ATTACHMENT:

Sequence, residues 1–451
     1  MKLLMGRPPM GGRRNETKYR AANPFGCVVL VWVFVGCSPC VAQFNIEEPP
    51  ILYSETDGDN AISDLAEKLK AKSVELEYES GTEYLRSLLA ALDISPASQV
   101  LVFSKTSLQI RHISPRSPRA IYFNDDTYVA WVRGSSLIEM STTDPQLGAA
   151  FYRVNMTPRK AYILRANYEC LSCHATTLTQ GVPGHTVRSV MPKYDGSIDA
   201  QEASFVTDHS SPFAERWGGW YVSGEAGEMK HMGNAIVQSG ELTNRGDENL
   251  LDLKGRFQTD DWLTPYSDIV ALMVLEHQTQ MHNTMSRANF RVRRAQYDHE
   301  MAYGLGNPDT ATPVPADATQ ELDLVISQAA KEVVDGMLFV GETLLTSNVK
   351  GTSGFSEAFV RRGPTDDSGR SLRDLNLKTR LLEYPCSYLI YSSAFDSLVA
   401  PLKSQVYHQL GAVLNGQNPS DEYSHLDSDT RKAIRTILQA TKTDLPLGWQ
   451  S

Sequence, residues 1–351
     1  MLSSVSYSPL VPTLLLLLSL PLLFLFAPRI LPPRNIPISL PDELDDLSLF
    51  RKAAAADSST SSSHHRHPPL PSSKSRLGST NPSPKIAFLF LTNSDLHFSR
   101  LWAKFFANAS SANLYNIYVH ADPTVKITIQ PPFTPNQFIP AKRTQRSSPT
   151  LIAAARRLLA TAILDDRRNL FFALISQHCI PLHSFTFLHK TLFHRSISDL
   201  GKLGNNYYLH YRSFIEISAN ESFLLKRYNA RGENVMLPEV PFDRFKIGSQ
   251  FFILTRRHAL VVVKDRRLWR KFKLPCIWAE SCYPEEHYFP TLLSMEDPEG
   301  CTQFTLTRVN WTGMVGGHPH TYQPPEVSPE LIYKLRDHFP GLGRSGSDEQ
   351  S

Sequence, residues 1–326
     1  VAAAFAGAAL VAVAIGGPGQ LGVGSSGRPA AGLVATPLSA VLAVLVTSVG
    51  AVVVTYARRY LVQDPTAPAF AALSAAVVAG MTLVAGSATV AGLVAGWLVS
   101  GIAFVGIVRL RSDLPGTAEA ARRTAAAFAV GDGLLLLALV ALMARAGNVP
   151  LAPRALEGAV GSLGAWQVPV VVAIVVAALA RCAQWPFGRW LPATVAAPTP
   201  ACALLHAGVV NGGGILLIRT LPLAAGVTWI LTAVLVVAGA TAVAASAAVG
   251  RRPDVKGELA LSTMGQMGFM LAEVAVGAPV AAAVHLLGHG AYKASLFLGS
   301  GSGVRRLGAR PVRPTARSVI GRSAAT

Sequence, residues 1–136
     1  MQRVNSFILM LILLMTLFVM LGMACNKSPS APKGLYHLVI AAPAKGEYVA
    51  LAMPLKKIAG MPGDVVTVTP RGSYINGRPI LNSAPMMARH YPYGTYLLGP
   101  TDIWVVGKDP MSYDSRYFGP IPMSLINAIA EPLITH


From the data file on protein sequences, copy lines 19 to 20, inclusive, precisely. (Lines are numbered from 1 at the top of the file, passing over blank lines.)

   301  CTQFTLTRVN WTGMVGGHPH TYQPPEVSPE LIYKLRDHFP GLGRSGSDEQ
   351  S